In the animal kingdom, physical prowess is mainly the core that enables them to climb up their respective hierarchal system. And this ranking is also followed by chimpanzees.
At least, for the male ones. In a recent study published on Oct. 14 in the Scientific Report, researchers found that male and female chimpanzees follow a completely different method when it comes to determining a certain ape's rank in a given hierarchy.
While the male chimps move up the ladder by challenging their superior, females accept their position and only increase in rank if those above dies. "We found that, after entering the adult hierarchy, there was a complete absence of successful challenges for rank increases among females," said Steffen Foerster, senior research scientist at Duke University and lead author on the study.
Researchers Sifted Through 40 Years' Worth Of Data On Chimp Behavior
The researchers admitted that it was quite the task to determine this "formal" system as female chimps tend to isolate themselves, spending their time alone or with their offspring. As such, it gave researchers little opportunities to gather clues in determining where a certain chimp ranks in their social order, said Science Daily.
"For a long time we've been aware that there really are differences in rank between females, but being able to quantify that has been hard because they really don't interact very often," said Duke evolutionary anthropology professor Anne Pusey, who is a senior author on the paper. They've only been able to achieve this breakthrough by sifting through 40 years' worth of daily records on wild chimpanzee behavior.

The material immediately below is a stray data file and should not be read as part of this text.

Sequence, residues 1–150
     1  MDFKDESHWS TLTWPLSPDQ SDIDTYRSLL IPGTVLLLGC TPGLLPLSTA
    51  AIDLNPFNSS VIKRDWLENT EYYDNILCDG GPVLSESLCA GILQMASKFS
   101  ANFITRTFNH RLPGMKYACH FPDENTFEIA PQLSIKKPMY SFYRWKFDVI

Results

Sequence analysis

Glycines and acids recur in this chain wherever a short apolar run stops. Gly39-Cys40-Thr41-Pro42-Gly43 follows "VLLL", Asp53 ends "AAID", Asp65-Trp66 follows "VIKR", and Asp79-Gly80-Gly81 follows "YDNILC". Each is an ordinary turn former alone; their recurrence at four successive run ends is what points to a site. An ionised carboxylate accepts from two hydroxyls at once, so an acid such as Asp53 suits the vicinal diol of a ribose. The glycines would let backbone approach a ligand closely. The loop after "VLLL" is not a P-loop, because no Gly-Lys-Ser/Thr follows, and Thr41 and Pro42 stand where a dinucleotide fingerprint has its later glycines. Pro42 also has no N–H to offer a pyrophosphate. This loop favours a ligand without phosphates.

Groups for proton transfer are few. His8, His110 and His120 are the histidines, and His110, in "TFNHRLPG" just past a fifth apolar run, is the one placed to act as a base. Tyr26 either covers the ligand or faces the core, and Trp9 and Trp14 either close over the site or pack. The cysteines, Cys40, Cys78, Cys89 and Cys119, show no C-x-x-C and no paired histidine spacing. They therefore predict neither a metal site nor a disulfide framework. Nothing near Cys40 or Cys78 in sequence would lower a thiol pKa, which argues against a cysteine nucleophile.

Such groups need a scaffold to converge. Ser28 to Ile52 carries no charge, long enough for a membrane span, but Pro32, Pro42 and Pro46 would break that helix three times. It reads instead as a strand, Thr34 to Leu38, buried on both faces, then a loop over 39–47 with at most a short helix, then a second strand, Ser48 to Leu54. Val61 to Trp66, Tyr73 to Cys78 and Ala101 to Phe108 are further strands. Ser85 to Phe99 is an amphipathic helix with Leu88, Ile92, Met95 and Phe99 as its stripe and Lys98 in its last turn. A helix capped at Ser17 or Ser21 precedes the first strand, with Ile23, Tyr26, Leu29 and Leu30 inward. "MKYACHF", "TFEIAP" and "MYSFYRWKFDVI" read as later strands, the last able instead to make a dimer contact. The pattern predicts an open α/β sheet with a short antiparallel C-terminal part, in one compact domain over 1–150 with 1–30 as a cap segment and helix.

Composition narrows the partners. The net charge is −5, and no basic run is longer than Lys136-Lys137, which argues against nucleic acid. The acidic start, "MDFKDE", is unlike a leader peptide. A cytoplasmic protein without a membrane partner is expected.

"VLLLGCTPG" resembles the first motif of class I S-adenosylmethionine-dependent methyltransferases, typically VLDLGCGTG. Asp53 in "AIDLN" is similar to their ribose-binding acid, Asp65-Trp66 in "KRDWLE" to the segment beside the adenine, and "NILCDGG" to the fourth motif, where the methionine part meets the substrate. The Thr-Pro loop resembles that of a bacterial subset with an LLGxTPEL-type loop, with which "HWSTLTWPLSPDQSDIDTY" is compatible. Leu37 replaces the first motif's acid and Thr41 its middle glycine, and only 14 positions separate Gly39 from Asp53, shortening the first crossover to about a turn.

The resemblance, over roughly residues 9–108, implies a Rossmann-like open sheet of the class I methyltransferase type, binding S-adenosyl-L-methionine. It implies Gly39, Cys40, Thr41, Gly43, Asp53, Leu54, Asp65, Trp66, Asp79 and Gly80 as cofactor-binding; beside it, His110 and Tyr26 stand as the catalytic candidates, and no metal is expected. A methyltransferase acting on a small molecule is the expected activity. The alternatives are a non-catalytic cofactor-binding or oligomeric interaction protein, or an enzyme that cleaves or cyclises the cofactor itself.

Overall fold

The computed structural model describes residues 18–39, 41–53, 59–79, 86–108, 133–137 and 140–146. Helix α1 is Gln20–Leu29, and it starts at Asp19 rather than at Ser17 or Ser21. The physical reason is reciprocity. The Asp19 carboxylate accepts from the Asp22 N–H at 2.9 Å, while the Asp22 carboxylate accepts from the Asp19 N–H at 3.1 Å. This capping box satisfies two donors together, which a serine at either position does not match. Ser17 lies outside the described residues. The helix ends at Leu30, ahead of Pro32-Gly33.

To determine where exactly does a chimp fall in the system, the researchers observed them as making a sound called "pant-grunt," a signal which means submission to a superior. Through this, they've been able to rank both male and female chimps and examine how the order shifted over time.
Female Chimps Opt For A Queue System To Avoid Risks That Aggression Brings
The researchers found that while a male's rank is at its summit during their prime around the age of 20, a female's position in the hierarchy gradually increases over time. Despite this finding, researchers are still speculating at how this hierarchal system have been initially established, reported Today.
Preliminary evidence suggests that females who has a mother in the group tend to have an upper hand. There are a lot of benefits that goes with how far a chimp - male or female - ranks up in the order.
Access to food, mates and a higher survival rate of offspring are among them. It seems that the main reason that females follow this queue system is the risk that aggression brings.
"It is potentially dangerous to challenge each other - you may get injured, your offspring may be killed if you have a little baby," said Foerster. "Finding that females actually do not fight for rank tells us how costly these challenges must be for them."